Wednesday morning's Nikkei wrote that the GOJ plans to launch a policy dialogue on space cooperation with India within the next several months. In the dialogue, government officials, scientists, and engineers from JAXA and the India Space Research Organization are expected to exchange views on how to share technological expertise and scientific and security data collected by their own reconnaissance satellites. India is reportedly interested in tapping Japanese know-how in order to strengthen its monitoring of Chinese military activities on its border with China, while Japan is anxious to learn from India's strong capability to monitor the ocean from space with the goal of enhancing its ability to monitor Chinese naval operations in the East China Sea and detect possible ballistic missile launches by North Korea. Cooperation on surveillance of space debris will also be a key topic of discussion.

Koreans requisitioned to work in Japanese plants plan legal action to seize firm's assets

All Wednesday morning papers took up a press conference in Tokyo on Tuesday by lawyers for South Koreans requisitioned to work in Japanese plants during the WWII. The Korean lawyers reportedly stressed that if Nippon Steel & Sumitomo Metal Corp continues to refuse to hold talks on the payment of compensation ordered by the ROK Supreme Court, they will take legal action to seize the company's financial assets in South Korea. The attorneys have reportedly set Dec. 24 as the deadline. The Japanese steel firm has already twice rejected their requests for meetings.

In a related story, Nikkei wrote that the Moon administration has launched an inter-agency taskforce in charge of dealing with the recent Supreme Court rulings ordering Japanese corporations to pay compensation to Koreans requisitioned to work in their plants during Japan's colonial rule of the Korean Peninsula. Asahi wrote that several ideas have been discussed within the Moon administration on how to deal with the controversial court verdicts, such as launching a fund, filing a suit with the International Court of Justice, and expressing support for the implementation of the rulings.


GOJ plans to procure F-35s

All national dailies wrote that the GOJ on Wednesday explained to the ruling coalition's working team discussing the National Defense Program Guidelines its plan to procure F-35A and F-35B fighter jets. The papers wrote that the GOJ also told the working team that it is also planning to convert two Izumo-class MSDF vessels to de facto "aircraft carriers." The working team reportedly asked the government to further explain how the plan is consistent with its view that the Constitution does not allow Japan to possess "attack aircraft carriers."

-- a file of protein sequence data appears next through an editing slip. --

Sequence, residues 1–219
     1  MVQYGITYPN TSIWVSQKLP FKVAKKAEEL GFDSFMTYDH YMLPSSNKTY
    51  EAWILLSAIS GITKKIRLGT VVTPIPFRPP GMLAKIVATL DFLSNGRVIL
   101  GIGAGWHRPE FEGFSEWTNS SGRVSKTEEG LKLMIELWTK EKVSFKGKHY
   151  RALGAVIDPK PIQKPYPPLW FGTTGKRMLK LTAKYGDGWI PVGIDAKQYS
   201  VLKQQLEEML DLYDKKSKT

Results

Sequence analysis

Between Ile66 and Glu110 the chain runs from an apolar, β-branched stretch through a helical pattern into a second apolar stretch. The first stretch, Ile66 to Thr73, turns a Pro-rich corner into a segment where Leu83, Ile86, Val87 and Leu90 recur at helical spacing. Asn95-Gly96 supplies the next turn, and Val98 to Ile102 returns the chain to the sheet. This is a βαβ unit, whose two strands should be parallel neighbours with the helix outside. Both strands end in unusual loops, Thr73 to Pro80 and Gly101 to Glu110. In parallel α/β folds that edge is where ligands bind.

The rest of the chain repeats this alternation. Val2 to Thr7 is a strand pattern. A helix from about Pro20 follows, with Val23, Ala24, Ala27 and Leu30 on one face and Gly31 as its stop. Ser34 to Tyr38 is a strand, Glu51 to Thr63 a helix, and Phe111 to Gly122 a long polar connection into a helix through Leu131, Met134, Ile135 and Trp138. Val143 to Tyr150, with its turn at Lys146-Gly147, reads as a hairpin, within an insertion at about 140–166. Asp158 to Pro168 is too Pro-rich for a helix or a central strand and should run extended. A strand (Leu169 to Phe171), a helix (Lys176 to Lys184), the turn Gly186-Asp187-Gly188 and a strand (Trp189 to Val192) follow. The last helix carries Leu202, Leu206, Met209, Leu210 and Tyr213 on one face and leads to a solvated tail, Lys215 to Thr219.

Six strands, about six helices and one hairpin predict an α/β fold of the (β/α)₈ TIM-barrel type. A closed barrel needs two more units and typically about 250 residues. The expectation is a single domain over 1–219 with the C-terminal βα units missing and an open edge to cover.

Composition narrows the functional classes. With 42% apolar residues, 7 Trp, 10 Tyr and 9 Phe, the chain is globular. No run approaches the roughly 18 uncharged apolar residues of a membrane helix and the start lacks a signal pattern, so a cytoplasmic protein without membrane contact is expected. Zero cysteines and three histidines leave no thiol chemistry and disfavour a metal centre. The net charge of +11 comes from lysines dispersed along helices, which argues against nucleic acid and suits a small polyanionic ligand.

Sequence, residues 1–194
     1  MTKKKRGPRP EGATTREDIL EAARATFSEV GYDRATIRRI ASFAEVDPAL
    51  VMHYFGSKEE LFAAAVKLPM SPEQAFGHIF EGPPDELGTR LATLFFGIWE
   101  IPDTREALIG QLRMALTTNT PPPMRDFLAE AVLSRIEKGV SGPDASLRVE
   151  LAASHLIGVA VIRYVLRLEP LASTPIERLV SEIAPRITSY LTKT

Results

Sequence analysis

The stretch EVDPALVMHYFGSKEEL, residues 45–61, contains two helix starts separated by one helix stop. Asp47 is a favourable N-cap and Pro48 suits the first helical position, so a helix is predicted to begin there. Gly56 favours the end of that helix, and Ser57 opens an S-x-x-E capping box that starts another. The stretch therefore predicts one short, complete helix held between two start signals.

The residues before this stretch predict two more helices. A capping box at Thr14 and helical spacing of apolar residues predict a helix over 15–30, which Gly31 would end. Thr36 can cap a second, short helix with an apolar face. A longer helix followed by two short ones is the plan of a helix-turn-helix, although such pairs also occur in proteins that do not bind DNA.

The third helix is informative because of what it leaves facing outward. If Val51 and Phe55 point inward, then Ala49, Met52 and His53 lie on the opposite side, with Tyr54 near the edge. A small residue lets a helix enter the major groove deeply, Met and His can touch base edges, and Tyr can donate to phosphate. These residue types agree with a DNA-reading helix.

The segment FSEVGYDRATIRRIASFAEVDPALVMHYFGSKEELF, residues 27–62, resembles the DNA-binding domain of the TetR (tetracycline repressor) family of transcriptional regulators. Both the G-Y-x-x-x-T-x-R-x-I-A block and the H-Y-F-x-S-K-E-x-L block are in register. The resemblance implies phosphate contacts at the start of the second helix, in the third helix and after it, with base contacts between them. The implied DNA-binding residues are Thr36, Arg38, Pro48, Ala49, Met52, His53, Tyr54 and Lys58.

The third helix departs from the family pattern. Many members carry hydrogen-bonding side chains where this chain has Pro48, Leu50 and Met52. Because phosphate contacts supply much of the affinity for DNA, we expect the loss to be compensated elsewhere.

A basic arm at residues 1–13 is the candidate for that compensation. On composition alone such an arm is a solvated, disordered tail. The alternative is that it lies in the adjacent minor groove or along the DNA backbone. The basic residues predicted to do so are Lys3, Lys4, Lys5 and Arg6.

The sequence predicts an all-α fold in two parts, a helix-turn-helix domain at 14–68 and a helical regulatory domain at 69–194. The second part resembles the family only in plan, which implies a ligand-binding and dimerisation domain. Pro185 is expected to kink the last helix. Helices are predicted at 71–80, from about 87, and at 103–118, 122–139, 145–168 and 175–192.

Asahi wrote that the working team agreed to call Izumo a "multipurpose escort ship" and that the GOJ and the ruling coalition will support this idea for the purpose of deflecting criticism from the opposition bloc that Japan cannot possess an "attack aircraft carrier" under the Constitution.

In a related development, Sankei claimed that the Ministry of Defense has decided that Mitsubishi Heavy Industries will forgo participating in the final assembly of F-35As to be procured by the ASDF in order to curb the procurement cost, explaining that Japan will be able to save 3 to 5 billion yen per unit if it purchases finished products.

GOJ resumes earth loading operation for Henoko landfill

Asahi, Mainichi, and Sankei wrote that Defense Minister Iwaya announced on Wednesday that the GOJ resumed that morning the loading of earth onto ships in preparation for reclamation work in waters off Henoko that had been temporarily suspended. Asahi wrote that the GOJ's plan to begin pouring earth into the site on Dec. 14 has not changed. Mainichi quoted Okinawa Governor Tamaki as saying in response to Iwaya's announcement that the move is outrageous.

GOJ to maintain current level of economic development funding for Okinawa

Wednesday morning's Mainichi wrote that the Abe administration is likely to earmark over 300 billion yen for economic development of Okinawa in the FY2019 budget, almost the same level as this fiscal year. The central government's economic development budget for the island prefecture has been reduced in the past several years because of former Governor Onaga's opposition to the FRF project. According to the daily, the administration is inclined not to reduce it any further in order to prevent Okinawa's opposition to the central government from escalating as the FRF construction work off Camp Schwab is expected to pick up speed next year.


Japan to give up on nuclear power generation project in Turkey

Asahi wrote that the GOJ has begun discussing with the Turkish government the possibility of giving up on their agreed-upon plan for an alliance between Mitsubishi Heavy Industries and French businesses to construct four nuclear reactors in the city of Sinop on the Black Sea. The paper wrote that negotiations with Turkey stalled after the Japanese side estimated that the construction cost would likely increase to around 4 trillion yen due to heightened safety requirements in the wake of the 2011 Fukushima nuclear accident. The first reactor was expected to come online in 2023. The project reportedly gained momentum after Prime Minister Abe and Turkish President Erdogan confirmed its implementation at their summit meeting in 2013. However, according to a GOJ source, the two leaders discussed the difficulty of realizing the project and the possibility of canceling it at their bilateral talks on the sidelines of the G20 summit in Argentina. The paper added that the GOJ is hoping to continue energy cooperation with Turkey despite the possible cancellation of the existing project and plans to send Industry Minister Seko to Ankara in mid-January or later to propose a plan to construct a cutting-edge coal-fired power plant in the nation. The paper commented that the possible cancellation of the project will likely derail Abe's plans to boost Japan's nuclear industry by exporting its technology to foreign nations as part of his growth strategy.

U.S. Embassy Tokyo Media Analysis and Translation Team